A Hundred and One Days : A Baghdad Journal.Asne Seierstad.


Book review by Noel Hamel


School history was all dates and kings and castles.The sort of people we meet in everyday lives in the street and at work were invisible.Not so different from the way many contemporary events are reported, such as the 2003 Iraq invasion.There is much about Saddam Husein, George Bush and Tony Blair, yet the realities, the pain, suffering and hardship, the successes, the humiliations, joys and sadnesses are the tangible experiences of humbler people.

Asne Seierstadís bestseller records her experiences as a journalist in Baghdad over 101 days from January to April 2003.The story spans from before invasion under the despotic regime, which imposed the tightest restriction on foreign journalists, through the nerve-wracking period of bombing and invasion, the collapse of the Saddam regime and law and order, the relief of Iraqis, at last able to speak freely after 30-odd years, and the despair at the bloodshed and devastation of war.Itís a refreshing change to hear personal voices telling their stories in these pages, after reading so much about the politics, deceit, subversion and cynicism of the bigwigs who affected the fate of millions, and for what?

With courage and determination Asne pursued her investigations during those momentous events which though the actions of elected leaders entangled us all and threatens stability in many parts of the world.People remain divided about the rights and wrongs as ever more ugly facts about the conflict surface.Bush supporters point to Saddamís outrages and vice versa.Others condemn both Ė a view hard to fault on reading Asneís account.Many ordinary people, some less innocent than others, got caught in the middle!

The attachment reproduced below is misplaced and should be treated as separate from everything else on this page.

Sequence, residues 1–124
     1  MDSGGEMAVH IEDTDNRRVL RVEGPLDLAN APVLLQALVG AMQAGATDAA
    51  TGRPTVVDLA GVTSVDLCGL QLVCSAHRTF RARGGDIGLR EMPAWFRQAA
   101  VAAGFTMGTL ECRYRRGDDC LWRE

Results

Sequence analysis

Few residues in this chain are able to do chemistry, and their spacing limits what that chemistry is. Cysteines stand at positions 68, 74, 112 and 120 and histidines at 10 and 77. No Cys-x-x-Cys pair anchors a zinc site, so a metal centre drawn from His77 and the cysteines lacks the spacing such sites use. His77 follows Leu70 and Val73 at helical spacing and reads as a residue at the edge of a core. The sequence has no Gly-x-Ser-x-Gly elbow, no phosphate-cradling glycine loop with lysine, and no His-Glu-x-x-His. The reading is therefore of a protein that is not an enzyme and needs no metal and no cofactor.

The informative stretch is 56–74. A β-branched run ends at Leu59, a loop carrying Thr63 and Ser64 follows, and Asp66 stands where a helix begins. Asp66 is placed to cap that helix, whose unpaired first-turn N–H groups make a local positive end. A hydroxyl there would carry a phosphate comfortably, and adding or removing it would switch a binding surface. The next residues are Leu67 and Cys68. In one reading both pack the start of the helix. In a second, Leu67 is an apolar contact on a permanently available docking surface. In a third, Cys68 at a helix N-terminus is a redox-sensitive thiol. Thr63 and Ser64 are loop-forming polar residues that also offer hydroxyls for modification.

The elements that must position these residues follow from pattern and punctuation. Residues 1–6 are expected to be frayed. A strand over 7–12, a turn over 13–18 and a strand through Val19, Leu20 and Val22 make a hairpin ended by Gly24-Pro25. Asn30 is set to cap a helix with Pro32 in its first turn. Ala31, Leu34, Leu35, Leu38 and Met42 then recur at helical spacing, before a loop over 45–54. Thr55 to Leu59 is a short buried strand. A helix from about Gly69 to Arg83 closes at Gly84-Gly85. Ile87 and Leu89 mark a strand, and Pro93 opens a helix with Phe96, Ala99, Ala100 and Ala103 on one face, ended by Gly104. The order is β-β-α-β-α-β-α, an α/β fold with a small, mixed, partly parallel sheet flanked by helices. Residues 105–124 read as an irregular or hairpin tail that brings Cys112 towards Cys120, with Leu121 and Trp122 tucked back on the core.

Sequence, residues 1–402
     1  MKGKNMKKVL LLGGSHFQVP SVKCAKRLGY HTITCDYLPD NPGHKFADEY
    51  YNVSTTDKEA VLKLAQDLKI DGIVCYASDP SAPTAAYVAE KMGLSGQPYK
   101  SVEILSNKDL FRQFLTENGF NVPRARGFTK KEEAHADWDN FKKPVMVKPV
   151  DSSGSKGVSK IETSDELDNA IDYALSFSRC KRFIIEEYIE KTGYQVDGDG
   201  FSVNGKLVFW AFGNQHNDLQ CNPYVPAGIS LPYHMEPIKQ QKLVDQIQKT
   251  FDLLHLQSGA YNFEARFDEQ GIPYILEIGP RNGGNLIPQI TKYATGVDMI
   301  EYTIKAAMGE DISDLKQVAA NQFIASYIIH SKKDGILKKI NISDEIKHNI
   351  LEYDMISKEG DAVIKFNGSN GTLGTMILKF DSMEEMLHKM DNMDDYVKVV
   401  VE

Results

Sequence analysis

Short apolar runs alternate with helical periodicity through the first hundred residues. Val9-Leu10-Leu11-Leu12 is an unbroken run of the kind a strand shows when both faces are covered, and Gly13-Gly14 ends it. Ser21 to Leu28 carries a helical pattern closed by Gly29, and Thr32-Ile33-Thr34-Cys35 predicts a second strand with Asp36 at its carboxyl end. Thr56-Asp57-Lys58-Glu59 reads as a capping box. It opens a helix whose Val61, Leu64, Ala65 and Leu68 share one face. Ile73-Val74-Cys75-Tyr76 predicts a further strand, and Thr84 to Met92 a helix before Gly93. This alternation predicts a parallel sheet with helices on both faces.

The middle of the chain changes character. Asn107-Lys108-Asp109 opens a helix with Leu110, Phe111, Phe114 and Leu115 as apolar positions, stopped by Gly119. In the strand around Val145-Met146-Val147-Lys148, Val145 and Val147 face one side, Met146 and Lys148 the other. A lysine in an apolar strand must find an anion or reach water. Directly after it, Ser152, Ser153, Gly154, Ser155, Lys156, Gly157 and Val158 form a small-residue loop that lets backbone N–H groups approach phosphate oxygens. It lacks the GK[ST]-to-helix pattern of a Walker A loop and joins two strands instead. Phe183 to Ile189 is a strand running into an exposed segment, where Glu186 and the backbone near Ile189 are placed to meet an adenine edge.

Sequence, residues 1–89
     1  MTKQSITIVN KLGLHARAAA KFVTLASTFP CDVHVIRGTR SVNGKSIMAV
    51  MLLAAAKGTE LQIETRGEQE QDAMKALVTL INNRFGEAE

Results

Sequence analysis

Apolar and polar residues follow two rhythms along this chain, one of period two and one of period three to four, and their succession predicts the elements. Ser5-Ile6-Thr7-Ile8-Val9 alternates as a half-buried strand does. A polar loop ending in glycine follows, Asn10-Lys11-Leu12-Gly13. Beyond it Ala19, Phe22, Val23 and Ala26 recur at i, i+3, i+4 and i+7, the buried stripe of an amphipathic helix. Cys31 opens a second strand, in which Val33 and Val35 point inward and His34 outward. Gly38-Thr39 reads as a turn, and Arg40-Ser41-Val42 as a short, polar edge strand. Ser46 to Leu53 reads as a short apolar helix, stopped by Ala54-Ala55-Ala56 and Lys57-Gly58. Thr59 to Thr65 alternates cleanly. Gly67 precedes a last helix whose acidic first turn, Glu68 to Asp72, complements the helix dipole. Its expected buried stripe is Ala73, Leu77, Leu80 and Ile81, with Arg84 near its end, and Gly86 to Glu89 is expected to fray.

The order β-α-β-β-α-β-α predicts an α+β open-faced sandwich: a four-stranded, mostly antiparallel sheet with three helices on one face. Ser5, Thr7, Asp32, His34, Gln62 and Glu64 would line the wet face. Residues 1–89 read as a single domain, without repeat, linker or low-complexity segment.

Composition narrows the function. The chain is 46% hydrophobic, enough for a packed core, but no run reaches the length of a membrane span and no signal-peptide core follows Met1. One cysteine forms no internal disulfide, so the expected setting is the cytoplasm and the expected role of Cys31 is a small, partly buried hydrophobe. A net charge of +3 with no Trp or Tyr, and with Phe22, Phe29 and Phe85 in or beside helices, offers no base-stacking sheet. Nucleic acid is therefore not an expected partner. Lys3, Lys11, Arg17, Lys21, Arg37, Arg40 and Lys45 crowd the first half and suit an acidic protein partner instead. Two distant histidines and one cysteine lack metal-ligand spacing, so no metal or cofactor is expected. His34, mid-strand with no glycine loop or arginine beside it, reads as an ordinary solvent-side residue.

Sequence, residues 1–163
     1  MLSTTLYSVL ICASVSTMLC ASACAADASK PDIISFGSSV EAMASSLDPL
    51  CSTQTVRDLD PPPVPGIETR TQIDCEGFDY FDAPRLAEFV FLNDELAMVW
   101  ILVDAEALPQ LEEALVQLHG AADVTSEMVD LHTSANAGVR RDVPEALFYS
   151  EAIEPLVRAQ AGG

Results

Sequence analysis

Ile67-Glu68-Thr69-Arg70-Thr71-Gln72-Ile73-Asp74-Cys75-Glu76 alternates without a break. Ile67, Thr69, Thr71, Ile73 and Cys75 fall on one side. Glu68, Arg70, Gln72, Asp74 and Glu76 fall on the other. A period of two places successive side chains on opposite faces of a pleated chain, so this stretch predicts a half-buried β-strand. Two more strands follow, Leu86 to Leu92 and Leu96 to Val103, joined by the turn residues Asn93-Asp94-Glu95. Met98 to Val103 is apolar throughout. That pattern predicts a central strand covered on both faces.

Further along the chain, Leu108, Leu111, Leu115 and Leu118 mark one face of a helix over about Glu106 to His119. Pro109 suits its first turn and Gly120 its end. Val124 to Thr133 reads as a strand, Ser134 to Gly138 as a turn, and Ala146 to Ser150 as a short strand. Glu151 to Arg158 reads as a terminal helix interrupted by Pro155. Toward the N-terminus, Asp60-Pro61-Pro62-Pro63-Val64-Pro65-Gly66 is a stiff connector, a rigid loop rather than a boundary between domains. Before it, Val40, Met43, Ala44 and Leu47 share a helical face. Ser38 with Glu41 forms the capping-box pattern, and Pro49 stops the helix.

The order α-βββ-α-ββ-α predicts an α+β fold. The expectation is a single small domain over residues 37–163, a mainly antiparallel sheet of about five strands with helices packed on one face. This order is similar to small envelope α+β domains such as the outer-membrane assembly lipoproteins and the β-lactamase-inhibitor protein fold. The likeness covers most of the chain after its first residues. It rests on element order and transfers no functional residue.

With its insights into the realities for people caught up by the political and military gamesmanship, this book is a good read.And reading it I wondered how far we have progressed since the cataclysmic First World War, which some historians describe as a catastrophe visited on ordinary people by disagreements between the crowned heads of Europe.The stories of the guides and translators, the wounded, the bereaved, the disillusioned, the relieved and the humiliated provoke humility and compassion.Iraqis resent invasion and occupation, and distrust Bush, yet the collapse of Saddamís regime unleashed a flood tide of hurt and resentment pent up for a generation.

Asne tells the story of the schoolboy who told a joke about emigration and Saddam Hussein, in which the endless queue for exit papers evaporated when Saddam himself decided to emigrate.People decided to stay after all!The price paid for the joke was that the security services Ďdisappearedí the whole family overnight.Another tale concerned the GI who thought signing up had been the dumbest thing he could have done.He didnít want to be in Iraq, and planned to become an opera singer as soon as he could get out.There are many more personal accounts and stories.Warm and affirming.